English Department successfully revamps summer reading


Abby Stephens

Freshman Rei Hemmer sits in the library reading her summer reading book during her English class.

Every year as the summer comes to an end, many students find themselves with two words haunting them, summer reading. This year, the English Department created a new way to conduct summer reading, one that includes a multitude of choices for students, and it worked well.

The system had a theme for each grade and books chosen by staff members to fit the theme. The department sent out a survey at the beginning of the year, where students answered basic questions about the book they read.

Mr. David Lange, English Department Chair, explained that there are two reasons for the shift. The goal of the program was to improve the early relationship between students and teachers by starting the year off well, and also to get students to enjoy their reading assignment more.

Ann Steephen, junior, who read Small Great Things by Jodi Picoult, said the second goal was accomplished.

“You had the option to choose a book… as opposed to being forced to read one book you won’t necessarily like,”  Steephen said.

Abby Stephens
The library showcased the summer reading choices to entice an early start to the reading.

The program works well for students who have a greater inclination to read in their free-time. Steephen is one of those students.

“I do a lot of reading over the summer in general,” Steephen said.

However, as with all years, there will be some students who just don’t do it, no matter how the system functions. Armaan Sawhney, senior, intended to read The Alchemist by Paulo Coelho, but never got around to it.

“There’s so much stuff that I had to do; I was prepping for the ACT, and there just wasn’t a lot of time for me to read it,” Sawhney said. “It wasn’t the number one thing on my list.”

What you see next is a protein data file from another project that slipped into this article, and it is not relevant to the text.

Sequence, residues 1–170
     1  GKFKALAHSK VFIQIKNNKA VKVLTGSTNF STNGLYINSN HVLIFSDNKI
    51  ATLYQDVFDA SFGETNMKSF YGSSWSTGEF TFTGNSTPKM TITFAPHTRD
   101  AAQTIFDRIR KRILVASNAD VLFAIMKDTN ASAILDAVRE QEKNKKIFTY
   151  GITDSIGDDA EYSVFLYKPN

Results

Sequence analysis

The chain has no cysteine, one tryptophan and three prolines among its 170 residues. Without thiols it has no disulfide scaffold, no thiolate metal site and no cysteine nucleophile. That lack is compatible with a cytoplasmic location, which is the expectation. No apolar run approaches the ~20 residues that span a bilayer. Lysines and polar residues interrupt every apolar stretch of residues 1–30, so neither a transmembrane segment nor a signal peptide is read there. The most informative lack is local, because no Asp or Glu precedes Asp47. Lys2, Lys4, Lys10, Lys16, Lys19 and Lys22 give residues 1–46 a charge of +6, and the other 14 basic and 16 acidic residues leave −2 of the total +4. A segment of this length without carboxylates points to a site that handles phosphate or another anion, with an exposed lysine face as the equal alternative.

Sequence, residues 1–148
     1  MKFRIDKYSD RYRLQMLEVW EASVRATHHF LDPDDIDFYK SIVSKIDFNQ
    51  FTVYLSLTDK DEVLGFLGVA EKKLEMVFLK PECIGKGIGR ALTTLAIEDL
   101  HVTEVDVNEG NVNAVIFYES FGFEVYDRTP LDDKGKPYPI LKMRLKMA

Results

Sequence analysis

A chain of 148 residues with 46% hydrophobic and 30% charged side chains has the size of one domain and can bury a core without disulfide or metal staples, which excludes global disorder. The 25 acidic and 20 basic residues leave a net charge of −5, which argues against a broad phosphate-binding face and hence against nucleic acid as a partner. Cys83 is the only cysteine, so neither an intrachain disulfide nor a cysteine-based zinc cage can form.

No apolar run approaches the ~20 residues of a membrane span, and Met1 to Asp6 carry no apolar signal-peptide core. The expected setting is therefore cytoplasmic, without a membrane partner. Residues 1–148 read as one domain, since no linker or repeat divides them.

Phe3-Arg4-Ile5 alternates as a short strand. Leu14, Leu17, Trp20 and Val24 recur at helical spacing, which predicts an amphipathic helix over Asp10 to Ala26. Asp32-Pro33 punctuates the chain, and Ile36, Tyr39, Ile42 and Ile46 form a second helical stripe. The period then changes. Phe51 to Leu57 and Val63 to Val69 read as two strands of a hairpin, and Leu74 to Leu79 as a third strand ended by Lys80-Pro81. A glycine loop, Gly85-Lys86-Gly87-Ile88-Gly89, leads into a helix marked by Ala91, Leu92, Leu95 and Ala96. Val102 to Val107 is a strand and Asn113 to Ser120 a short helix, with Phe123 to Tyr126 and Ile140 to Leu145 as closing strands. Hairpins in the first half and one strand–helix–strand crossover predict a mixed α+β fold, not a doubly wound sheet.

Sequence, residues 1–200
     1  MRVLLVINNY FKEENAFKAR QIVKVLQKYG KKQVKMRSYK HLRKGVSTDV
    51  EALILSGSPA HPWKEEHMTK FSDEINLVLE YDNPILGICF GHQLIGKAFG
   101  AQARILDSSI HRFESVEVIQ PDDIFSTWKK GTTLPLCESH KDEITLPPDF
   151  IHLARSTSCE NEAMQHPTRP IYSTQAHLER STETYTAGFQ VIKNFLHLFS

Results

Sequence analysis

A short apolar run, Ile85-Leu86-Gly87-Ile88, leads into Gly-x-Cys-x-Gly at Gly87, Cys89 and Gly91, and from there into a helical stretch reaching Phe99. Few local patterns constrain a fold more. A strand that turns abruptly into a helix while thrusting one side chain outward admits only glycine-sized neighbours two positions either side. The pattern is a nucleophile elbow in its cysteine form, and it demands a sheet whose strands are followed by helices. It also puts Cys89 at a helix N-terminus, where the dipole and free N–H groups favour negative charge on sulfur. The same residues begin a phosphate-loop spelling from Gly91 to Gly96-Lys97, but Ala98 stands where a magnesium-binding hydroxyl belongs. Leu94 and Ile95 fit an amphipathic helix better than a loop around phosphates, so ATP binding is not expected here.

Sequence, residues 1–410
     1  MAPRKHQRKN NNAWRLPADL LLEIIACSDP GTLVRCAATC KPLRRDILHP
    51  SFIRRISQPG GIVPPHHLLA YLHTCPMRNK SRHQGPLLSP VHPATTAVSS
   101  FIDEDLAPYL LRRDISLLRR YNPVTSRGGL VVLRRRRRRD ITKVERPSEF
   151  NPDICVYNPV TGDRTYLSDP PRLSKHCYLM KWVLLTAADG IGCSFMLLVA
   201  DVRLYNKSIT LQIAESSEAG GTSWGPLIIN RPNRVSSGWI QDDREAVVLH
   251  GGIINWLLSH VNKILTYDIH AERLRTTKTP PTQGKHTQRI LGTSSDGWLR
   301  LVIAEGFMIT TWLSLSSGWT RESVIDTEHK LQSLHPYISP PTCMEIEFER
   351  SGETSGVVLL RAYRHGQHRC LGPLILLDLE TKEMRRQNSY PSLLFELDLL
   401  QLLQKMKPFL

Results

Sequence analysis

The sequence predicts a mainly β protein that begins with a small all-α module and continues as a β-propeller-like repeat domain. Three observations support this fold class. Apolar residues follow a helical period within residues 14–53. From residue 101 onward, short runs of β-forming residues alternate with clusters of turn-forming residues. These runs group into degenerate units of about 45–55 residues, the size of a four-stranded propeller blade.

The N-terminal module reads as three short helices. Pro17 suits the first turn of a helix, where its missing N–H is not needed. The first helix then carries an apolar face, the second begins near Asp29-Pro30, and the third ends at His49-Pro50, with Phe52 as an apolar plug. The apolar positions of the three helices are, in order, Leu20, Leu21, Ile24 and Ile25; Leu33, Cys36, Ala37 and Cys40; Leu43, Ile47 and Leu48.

The letter that introduced the new program stated, “the main goal of the new Hinsdale Central Summer Reading Program [is] to help students become confident, habitual readers”.

While the fantasy is wonderful, it is clear that such a task may be impossible to achieve for select students. Whether they don’t put forth any effort at all to read, or they just feel that there are more important things to be done, you will encounter those who do not read. And while the system makes the process of reading less painful for those students, it also makes it easier for those same students to cheat the system by answering survey questions randomly as long as they know the basic premise of the book.

But, despite the inevitable outlier students, many students agree that this new system is better than past systems.

“All preliminary data and anecdotal data has been positive,” said Mr. Lange, based on the surveys he has already received.

It would be silly to say that the new program hasn’t encouraged a few more students that normally don’t read to crack open a book. Along with that, it has made the majority of students happier because they don’t feel that the school is forcing boring books down their throats. As an added perk, it was able to provide a nice list of good reads for the avid readers.